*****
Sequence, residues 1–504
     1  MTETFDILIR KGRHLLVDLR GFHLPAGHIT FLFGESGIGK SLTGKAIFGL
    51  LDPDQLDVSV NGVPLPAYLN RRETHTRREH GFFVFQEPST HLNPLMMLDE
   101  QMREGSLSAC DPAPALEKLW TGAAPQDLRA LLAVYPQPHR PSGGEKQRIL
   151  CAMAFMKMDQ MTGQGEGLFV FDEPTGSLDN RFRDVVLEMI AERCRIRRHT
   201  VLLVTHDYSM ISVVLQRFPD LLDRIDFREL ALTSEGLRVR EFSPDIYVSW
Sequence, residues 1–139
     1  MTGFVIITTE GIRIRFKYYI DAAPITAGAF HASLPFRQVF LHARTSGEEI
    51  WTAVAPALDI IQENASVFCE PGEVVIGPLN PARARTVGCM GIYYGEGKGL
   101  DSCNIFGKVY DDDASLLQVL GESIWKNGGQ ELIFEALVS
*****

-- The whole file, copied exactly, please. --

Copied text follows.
Sequence, residues 1–504
     1  MTETFDILIR KGRHLLVDLR GFHLPAGHIT FLFGESGIGK SLTGKAIFGL
    51  LDPDQLDVSV NGVPLPAYLN RRETHTRREH GFFVFQEPST HLNPLMMLDE
   101  QMREGSLSAC DPAPALEKLW TGAAPQDLRA LLAVYPQPHR PSGGEKQRIL
   151  CAMAFMKMDQ MTGQGEGLFV FDEPTGSLDN RFRDVVLEMI AERCRIRRHT
   201  VLLVTHDYSM ISVVLQRFPD LLDRIDFREL ALTSEGLRVR EFSPDIYVSW
Sequence, residues 1–139
     1  MTGFVIITTE GIRIRFKYYI DAAPITAGAF HASLPFRQVF LHARTSGEEI
    51  WTAVAPALDI IQENASVFCE PGEVVIGPLN PARARTVGCM GIYYGEGKGL
   101  DSCNIFGKVY DDDASLLQVL GESIWKNGGQ ELIFEALVS